It is the responsibility of the couple requesting the document to verify with the local civil registrar’s office in the city where they intend to submit their marriage license application if they will accept the Statutory Declaration from our office.
How to obtain a Statutory Declaration
What to bring on your scheduled appointment:
- Partially completed Statutory Declaration form* (Hyperlink to form) - You must affix your signature on the document in the presence of an authorized consular officer during your scheduled appointment at the Embassy of Canada.
- Original Canadian Passport or Certificate of Canadian Citizenship
- Original valid government-issued photo identification;
- if you are divorced or widowed, an original or certified true copy of the final divorce decree or death certificate; and
- the non-refundable processing fee.
All documents presented must be in English or French, or accompanied by an official English or French translation.
*Note that the Philippine authorities may note accept documents written in French.
- Although there is no validity period indicated on the Statutory Declaration, the Local Civil Registrar may not accept a Declaration issued more than six (6) months prior to the date of marriage;
- It should be noted that some Local Civil Registrars may not accept the Statutory Declaration witnessed at the Embassy or Consulate. It is your responsibility to check with the relevant Local Civil Registry Office whether they would accept the Statutory Declaration witnessed at the embassy or consulate in lieu of the required Certificate of Legal Capacity to Contract Marriage.
- Permanent residents of Canada who do not hold Canadian citizenship may need to obtain a certificate or declaration from the Embassy or Consulate of their nationality within the Philippines;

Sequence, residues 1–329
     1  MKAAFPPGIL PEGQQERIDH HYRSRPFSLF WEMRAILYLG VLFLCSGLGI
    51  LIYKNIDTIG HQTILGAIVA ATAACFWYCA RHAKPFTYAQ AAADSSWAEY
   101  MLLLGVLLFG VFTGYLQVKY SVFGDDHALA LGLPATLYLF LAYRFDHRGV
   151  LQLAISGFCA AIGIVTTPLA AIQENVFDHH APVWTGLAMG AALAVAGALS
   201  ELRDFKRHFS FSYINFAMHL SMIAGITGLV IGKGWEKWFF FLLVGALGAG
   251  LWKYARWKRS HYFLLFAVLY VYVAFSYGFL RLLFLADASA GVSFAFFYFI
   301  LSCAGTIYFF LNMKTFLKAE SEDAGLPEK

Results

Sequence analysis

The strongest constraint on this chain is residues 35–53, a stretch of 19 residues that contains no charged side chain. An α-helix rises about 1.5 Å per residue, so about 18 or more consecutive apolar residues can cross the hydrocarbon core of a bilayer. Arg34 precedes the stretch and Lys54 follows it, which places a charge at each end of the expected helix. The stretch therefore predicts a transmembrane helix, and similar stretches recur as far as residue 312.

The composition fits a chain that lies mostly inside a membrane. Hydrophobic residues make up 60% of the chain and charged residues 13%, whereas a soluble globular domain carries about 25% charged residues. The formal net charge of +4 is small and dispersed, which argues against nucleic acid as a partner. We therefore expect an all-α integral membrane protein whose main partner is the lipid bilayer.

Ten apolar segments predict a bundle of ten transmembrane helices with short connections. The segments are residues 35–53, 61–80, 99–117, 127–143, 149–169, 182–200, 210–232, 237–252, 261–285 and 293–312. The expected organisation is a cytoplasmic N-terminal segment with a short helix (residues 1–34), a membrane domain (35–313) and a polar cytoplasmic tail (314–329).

- Divorce decrees may not be automatically recognized in the Philippines. Canadian citizens who were previously married in the Philippines and are intending to re-marry in the Philippines after obtaining a divorce in Canada (or elsewhere) are advised to seek legal advice or contact the Philippine Statistics Authority to confirm procedures on how the foreign divorce decree can be recognized and enforced in the Philippines to ascertain that their succeeding marriage will be recognized as valid;
- The Philippine government may require an official English translation of a divorce decree or death certificate; and
- If both parties to the proposed marriage are Canadian citizens, each one must obtain a declaration
Although our offices are not in a position to recommend that you use the services of one particular firm or to guarantee the quality of the services provided, we are pleased to provide you with the list of qualified contacts who offer the following services.
- ALLIANCE FRANÇAISE DE MANILLE
209 Nicanor Garcia Street Bel Air 2 1209 Makati Metro Manila
- BERLITZ LANGUAGE CENTER
Unit 209, 2/F Peninsula Court Building 8735 Paseo De Roxas Makati Metro Manila
+63(2)8179319 or 817 9319
- LEX CODE LANGUAGES & COMMUNICATION PHILIPPINES
12th Floor, The 6750 Ayala Corporate Tower, Ayala Avenue Makati City 1226
+63-2-553-3857 / +63-2-586-3235 (Globe Duo)
+ 63 917-539-2633
- ORANGE TRANSLATIONS INC.
37/F LKG Tower, 6801 Ayala Avenue, Makati
- Serge BISSON - Translation/Interpretation Services
Paranaque City, Philippines
- Date Modified: